The inhabitants of Last Chance, New Mexico, could not be more pleased. Dr. Jessica McLeod has opened an office right on Main Street. Andy Ryan, the best athlete the little town ever produced, has ended his short career in the NFL and has come home to coach the mighty Pumas of Last Chance High. Unfortunately, Dr. Jess immediately gets off on the wrong foot when she admits that she’s never seen a football game, isn’t really interested in doing so, and, in fact, doesn’t know a first down from a home run.
Meanwhile, Coach Ryan is discovering that it’s not easy to balance atop the pedestal the town has put him on. When this unlikely pair is drawn together over the future of a young player–whose gifts may lie in the laboratory rather than on the football field–they begin to wonder if they might have a future together as well.
With the flair that has made her Last Chance books a favorite among readers of contemporary fiction, Cathleen Armstrong draws on the passion Americans have for the traditions of small-town high school football.
Cathleen Armstrong is the author of Welcome to Last Chance, winner of the ACFW Genesis Award for Women’s Fiction in 2009 and the first volume in the series A Place to Call Home. She lives in the San Francisco Bay Area with her husband, Ed, and their corgi, but her roots remain deep in New Mexico where she grew up and where much of her family still lives.
Cathleen Armstrong returns to Last Chance, New Mexico in book 4 of her A Place to Call Home series, Last Chance Hero. In this contemporary romance novel old characters are joined by new as the town prepares for a return to the Glory Days of Last Chance football. Small town feel, endearing characters and a budding romance mix together to provide a very satisfying read.
Dr. Jessica “Jess” MacLeod is living her dream of practicing medicine in a small southwestern town. And while everyone in Last Chance is welcoming, they are not flocking to her office for appointments. Andy Ryan is returning to Last Chance after 10 years playing football in college and the NFL. As the newly appointed coach of the high school team, Andy has to battle expectations that may not align with reality. The two hit it off, but Jess doesn’t know anything about football and is not interested in learning. In a town where football is King, can the two find common ground?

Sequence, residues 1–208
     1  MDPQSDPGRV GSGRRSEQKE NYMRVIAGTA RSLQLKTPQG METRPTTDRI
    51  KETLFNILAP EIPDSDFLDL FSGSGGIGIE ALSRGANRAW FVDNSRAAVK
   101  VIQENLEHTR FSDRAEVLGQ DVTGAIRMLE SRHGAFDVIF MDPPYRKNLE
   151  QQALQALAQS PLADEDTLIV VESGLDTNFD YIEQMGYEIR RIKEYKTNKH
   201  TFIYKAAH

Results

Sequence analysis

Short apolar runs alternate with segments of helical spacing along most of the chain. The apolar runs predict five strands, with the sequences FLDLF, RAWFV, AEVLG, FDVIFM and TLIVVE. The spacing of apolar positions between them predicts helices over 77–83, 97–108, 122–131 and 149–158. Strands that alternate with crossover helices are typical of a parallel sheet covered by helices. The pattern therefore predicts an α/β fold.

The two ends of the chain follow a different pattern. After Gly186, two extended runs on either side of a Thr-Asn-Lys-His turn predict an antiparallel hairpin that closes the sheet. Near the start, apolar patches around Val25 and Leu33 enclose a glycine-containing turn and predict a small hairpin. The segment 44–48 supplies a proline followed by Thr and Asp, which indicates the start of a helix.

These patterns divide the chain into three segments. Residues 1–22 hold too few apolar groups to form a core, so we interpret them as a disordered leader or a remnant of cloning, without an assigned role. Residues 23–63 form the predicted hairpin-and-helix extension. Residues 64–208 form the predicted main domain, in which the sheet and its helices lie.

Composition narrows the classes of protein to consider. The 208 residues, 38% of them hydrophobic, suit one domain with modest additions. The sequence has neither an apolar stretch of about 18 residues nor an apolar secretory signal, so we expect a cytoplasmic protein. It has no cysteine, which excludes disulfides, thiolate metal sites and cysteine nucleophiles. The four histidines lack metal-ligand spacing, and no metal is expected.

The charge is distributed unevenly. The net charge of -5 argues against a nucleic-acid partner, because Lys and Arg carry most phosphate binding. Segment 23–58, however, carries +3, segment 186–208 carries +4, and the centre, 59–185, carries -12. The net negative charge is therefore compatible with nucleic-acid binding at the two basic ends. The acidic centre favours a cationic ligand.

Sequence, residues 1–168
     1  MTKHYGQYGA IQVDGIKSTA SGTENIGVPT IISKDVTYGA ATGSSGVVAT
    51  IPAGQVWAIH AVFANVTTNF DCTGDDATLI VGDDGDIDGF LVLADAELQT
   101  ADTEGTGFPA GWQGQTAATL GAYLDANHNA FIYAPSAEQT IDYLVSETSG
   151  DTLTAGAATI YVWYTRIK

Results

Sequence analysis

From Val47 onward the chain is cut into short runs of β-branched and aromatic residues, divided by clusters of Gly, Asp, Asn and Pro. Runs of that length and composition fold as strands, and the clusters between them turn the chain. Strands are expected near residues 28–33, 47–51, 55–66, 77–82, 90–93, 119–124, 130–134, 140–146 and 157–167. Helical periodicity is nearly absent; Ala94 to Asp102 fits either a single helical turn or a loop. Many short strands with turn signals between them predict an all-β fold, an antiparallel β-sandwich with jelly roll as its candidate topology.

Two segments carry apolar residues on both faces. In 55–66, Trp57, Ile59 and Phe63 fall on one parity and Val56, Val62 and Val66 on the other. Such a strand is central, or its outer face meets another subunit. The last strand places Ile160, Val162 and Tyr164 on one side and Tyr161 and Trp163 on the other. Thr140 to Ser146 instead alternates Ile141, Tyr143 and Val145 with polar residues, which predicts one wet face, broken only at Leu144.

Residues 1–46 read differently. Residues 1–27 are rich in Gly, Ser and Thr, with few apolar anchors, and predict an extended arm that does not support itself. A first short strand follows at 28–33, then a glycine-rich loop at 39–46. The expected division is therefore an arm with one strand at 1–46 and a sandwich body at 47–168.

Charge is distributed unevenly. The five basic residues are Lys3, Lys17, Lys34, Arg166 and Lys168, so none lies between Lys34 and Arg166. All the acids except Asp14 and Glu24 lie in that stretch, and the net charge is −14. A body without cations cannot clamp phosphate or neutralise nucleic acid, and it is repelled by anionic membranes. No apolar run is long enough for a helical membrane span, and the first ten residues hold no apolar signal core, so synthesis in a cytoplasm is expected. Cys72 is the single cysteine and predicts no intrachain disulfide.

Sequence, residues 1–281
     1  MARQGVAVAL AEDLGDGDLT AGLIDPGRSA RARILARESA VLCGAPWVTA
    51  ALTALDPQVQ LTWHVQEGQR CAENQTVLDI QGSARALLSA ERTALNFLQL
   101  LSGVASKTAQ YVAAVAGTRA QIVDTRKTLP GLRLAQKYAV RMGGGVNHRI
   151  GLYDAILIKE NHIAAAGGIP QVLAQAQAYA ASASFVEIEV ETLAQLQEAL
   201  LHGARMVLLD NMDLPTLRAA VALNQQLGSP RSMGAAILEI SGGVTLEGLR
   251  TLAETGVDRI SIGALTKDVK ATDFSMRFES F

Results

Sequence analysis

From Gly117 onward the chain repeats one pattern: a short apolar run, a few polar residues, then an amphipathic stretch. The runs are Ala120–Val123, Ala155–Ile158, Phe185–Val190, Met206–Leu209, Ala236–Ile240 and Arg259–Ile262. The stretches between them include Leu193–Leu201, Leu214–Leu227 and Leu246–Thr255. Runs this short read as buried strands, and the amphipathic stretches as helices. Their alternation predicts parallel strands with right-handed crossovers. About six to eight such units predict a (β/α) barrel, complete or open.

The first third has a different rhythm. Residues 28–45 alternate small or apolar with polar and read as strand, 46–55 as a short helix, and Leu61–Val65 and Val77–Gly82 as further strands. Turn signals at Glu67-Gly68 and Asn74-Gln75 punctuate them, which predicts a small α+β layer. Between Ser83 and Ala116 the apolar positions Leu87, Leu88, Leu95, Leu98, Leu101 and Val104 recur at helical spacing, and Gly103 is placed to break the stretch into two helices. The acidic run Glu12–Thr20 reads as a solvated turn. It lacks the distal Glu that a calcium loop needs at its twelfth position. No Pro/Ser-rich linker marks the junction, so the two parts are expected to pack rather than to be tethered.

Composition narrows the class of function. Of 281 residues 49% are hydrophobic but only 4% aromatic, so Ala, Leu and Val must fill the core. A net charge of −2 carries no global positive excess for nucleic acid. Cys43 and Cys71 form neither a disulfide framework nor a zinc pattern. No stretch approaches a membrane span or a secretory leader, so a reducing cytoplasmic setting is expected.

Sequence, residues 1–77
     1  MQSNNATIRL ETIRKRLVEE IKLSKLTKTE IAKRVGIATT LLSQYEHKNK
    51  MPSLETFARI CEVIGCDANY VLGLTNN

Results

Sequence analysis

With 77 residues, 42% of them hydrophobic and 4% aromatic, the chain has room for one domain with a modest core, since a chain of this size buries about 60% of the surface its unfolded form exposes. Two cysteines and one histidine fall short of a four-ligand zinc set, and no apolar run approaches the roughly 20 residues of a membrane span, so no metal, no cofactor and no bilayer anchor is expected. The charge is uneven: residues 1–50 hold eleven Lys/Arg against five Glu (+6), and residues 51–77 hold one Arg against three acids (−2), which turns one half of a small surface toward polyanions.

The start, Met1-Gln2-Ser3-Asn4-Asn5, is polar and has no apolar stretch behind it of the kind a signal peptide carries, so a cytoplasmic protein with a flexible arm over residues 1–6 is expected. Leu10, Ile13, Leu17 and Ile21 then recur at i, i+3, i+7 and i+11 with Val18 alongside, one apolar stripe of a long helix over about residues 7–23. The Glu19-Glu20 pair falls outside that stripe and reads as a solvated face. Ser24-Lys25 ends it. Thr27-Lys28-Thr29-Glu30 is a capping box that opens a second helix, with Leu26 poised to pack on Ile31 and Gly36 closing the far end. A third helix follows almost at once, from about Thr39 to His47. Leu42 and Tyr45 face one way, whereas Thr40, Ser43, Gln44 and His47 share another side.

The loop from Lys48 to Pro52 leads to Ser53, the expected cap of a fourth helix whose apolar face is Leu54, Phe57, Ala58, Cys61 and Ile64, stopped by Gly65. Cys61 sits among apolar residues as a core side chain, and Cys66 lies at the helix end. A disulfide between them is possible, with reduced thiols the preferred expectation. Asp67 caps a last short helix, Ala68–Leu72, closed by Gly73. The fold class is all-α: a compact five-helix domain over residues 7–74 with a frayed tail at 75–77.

Last Chance Hero is the fourth book Armstrong has set in the quaint and quirky southwestern New Mexico town, and I have to say I have not gotten tired of returning again and again. Secondary characters from previous books keep it familiar, and the introduction of new characters keep it fresh. I really liked Jess and Andy. They have a bit of the opposites attract story going on. I can really identify with that. My husband and I have such dissimilar interests its a wonder we ever got past dating! But after 35 years of being a couple with 30 of those years married, I can say that opposites can attract and thrive! Armstrong hits on the secret of success when she creates two characters that have the same goals and values. The football framework is fun — perfect for Fall reading. High School football is big here in middle Georgia, so I could certainly relate to all the hoopla surrounding the Last Chance team. I could also relate to Jess’ preference to a good book in front of a fire instead of sitting on cold bleachers! But Jess is a plucky heroine; her determination to learn more about football produced a few chuckles. Andy is more complex than his jock persona and I enjoyed his unfolding personality and emotions. Relationships are the center of this series, and Last Chance Hero explores the most important relationships — parent/child and God/His people. The importance of a close relationship with God is stressed, but never preachy.
Last Chance Hero can be read as a standalone novel, but the books are so good that I suggest you start at the beginning. An interesting storyline is introduced that I am hoping will be developed more fully in the next book. Each successive book in the series has been my favorite, and this one is no exception. All in all, a great read that I can recommend.
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(Thanks to Revell for a review copy. All opinions expressed are mine alone.)